(2) the sense assigned to εὐλαβεία, since εὐλαβεῖσθαι and its derivatives, when used to express fear, denote usually, not a shrinking, but a wary or cautious fear, and commonly carry with them (in this Epistle and St. Luke especially) the idea of piety. Thus in Hebrews 11:7, of Noah, εὐλαβηθεὶς κατεσκεύασε κιβωτὸν: Hebrews 12:28, μετ αἰδοῦς καὶ εὐλαβεαίς: and in Luke 2:25; Acts 2:5; Acts 8:2; Acts 22:12, εὐλαβής is synonymous with εὐσεβής. The rendering hence preferred by many, having the authority of Chrysostom, and among moderns of Lunemann, Bleek, Delitzsch, Alford, and others, is that of the Vulgate, "exauditus pro sua reverentia." So Vigilius, "propter timorem;" the A.V.," heard in that he feared," or, as in the margin, "heard for his piety;" and in the recent revision, "for his godly fear;" which is the A.V.'s rendering of εὐλαβεία in Hebrews 12:28. The objection to the use of ἀπὸ to express the cause of his being heard is met by reference to the frequent usage of St. Luke, whose language most resembles that of our Epistle. Thus: ἀπὸ τοῦ ὄχλου (Luke 19:3); ἀπὸ τῆς χαρᾶς (Luke 24:41 and Acts 12:14); ἀπὸ τοῦ ὕπνου (Acts 20:9); ἀπὸ τῆς δόξης (Acts 22:11). The phrase, thus understood, brings out the more markedly the thoroughly human conditions to which Christ was subjected. It was not in right of his sonship that he was heard. He won his hearing by his human piety; though he was SON, and as such knew that his Father heard him always (John 11:42), he learnt humanly his lesson of obedience. In the expression, καίπερ ὤν υἱὸς, Son is surely meant in the peculiar sense in which it has all along been applied to Christ, expressing more than that his relation to God was that of any son to a father, and thus we perceive the full force of καίπερ. It is true that it was not till after the Resurrection that he attained his exalted position as SON (see under Hebrews 1:5 and Hebrews 5:5); but still he was all along the Son, in virtue of his origin as well as of his destiny. Cf. ἐλάλησεν ἡμῖν ἐν υἱῷ (Hebrews 1:9). Ων υἱὸς does not indeed, in itself, express that he was the Second Person of the Trinity (this application of the word υἱὸς being nowhere found in the Epistle); but it implies that, even in his state of humiliation, he was more than man; for there would be nothing very extraordinary, so as to justify καίπερ, in the case of an ordinary son learning obedience to his father through suffering. Recurring now to the question raised under ver. 3, whether the high priest's obligation to offer in the first place for himself had any counterpart in the case of Christ, we may perceive such a counterpart in the agony, as above regarded. For, although for himself Christ needed no atonement, yet the "prayers and supplications" were offered in his own behalf, being due to his own entire participation in the conditions of humanity; the whole "agony and bloody sweat" were part of his own preparation and consecration for executing the office of a High Priest for others, and, like the Aaronic priest's offering for himself, they were the sign and evidence of his being one μετριοπαθεῖν δυνάμενος. Thus (χωρὶς ἀμαρτίας being all along understood) they answered truly to the preparatory part of Aaron's original consecration (Leviticus 8:14 - 9:15), or to the high priest's own offering, before his offering for the people and entering behind the veil, on the Day of Atonement (Leviticus 14:6). It may be (though not necessarily so) that the word προσενέγκας in ver. 7, corresponding with προσφέρειν in ver. 3, is intended to suggest this analogy.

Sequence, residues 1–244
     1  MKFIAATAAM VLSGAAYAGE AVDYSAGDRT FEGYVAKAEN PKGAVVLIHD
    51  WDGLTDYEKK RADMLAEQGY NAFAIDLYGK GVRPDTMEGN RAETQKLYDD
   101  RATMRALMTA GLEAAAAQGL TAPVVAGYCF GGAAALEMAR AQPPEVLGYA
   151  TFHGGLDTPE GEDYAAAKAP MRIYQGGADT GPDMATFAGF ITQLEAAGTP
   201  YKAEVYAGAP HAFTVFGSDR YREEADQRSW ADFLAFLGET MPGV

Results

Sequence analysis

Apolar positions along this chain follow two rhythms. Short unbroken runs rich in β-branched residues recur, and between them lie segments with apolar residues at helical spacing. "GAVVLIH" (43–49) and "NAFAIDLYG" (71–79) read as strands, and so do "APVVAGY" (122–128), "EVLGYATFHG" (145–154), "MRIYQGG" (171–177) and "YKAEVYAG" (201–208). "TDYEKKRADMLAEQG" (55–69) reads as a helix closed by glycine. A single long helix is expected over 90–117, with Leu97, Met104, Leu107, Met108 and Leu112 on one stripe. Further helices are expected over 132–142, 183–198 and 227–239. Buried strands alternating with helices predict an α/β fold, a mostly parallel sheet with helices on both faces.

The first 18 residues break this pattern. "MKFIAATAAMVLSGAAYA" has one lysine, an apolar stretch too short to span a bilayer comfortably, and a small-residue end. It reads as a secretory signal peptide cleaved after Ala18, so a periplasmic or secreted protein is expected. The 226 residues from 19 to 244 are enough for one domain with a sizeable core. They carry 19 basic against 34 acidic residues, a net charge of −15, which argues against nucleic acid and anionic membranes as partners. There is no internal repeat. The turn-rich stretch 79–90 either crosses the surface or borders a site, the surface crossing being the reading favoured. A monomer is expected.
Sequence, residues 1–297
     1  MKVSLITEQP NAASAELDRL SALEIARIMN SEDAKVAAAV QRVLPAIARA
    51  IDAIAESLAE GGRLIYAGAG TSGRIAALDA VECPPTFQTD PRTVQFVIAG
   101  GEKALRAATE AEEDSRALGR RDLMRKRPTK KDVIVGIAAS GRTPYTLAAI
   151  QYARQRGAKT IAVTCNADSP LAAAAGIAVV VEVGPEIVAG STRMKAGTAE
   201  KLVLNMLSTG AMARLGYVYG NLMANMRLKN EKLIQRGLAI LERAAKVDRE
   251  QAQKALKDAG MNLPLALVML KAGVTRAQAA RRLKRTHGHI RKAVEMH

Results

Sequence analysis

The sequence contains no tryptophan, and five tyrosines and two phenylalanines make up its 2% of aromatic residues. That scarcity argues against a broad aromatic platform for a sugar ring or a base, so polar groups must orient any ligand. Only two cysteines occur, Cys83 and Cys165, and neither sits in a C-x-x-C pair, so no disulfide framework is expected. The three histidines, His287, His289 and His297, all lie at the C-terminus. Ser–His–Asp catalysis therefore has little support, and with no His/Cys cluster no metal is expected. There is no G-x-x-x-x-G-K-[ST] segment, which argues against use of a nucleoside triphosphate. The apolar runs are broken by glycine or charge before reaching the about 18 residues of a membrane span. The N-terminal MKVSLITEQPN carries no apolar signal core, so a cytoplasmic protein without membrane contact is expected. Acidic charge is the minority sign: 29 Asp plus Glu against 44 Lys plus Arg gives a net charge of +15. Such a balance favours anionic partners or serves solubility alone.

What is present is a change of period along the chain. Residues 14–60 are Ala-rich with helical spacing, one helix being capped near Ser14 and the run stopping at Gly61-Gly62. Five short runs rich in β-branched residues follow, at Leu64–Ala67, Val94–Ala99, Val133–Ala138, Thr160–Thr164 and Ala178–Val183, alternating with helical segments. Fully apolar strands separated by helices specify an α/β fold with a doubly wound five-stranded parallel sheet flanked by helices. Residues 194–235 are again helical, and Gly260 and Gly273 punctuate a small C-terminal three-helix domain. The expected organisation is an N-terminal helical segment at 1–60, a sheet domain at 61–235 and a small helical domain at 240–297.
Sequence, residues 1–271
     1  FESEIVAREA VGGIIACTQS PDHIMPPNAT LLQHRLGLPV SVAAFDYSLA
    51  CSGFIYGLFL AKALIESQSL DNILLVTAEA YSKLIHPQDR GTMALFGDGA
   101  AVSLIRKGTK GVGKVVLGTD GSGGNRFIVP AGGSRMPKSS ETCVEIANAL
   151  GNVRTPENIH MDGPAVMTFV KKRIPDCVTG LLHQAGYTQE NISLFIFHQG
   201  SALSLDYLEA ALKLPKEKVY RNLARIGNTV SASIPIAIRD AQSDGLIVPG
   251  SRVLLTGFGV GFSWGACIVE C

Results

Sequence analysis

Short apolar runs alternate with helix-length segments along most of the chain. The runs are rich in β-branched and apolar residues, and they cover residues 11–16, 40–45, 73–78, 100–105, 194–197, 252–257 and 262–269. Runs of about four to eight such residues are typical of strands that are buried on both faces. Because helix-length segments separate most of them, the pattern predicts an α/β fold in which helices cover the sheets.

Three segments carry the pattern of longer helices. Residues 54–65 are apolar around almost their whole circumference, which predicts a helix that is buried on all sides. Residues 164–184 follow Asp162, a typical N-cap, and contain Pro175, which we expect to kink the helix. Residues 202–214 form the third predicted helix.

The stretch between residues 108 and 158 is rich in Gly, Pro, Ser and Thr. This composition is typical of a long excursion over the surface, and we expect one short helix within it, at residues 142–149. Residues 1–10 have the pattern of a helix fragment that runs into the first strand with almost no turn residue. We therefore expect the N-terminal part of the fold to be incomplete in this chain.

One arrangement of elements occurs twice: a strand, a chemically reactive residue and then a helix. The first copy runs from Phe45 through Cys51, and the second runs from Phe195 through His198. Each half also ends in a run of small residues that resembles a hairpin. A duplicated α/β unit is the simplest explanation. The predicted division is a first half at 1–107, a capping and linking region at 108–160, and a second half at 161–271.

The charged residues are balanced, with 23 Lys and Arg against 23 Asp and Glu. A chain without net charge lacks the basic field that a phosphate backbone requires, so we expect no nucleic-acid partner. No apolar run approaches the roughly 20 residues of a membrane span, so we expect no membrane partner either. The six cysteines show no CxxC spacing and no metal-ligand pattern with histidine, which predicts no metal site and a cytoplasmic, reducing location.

5:1-10 The High Priest must be a man, a partaker of our nature. This shows that man had sinned. For God would not suffer sinful man to come to him alone. But every one is welcome to God, that comes to him by this High Priest; and as we value acceptance with God, and pardon, we must apply by faith to this our great High Priest Christ Jesus, who can intercede for those that are out of the way of truth, duty, and happiness; one who has tenderness to lead them back from the by-paths of error, sin, and misery. Those only can expect assistance from God, and acceptance with him, and his presence and blessing on them and their services, that are called of God. This is applied to Christ. In the days of his flesh, Christ made himself subject to death: he hungered: he was a tempted, suffering, dying Jesus. Christ set an example, not only to pray, but to be fervent in prayer. How many dry prayers, how few wetted with tears, do we offer up to God! He was strengthened to support the immense weight of suffering laid upon him. There is no real deliverance from death but to be carried through it. He was raised and exalted, and to him was given the power of saving all sinners to the uttermost, who come unto God through him. Christ has left us an example that we should learn humble obedience to the will of God, by all our afflictions. We need affliction, to teach us submission. His obedience in our nature encourages our attempts to obey, and for us to expect support and comfort under all the temptations and sufferings to which we are exposed. Being made perfect for this great work, he is become the Author of eternal salvation to all that obey him. But are we of that number?Who in the days of his flesh,.... Or "of his humanity", as the Arabic version renders it; or "when he was clothed with flesh", as the Syriac version; in the time of his humiliation, when he was attended with the sinless infirmities of the flesh, or human nature; it may take in the whole course of his life on earth, especially the latter part of it: it is not to be concluded from hence, that he has not flesh now, or is not in the flesh; for it is certain that he had flesh after his resurrection; only now he is free from all the infirmities of the flesh, the pains, and sorrows, and griefs of it, which he endured when here on earth: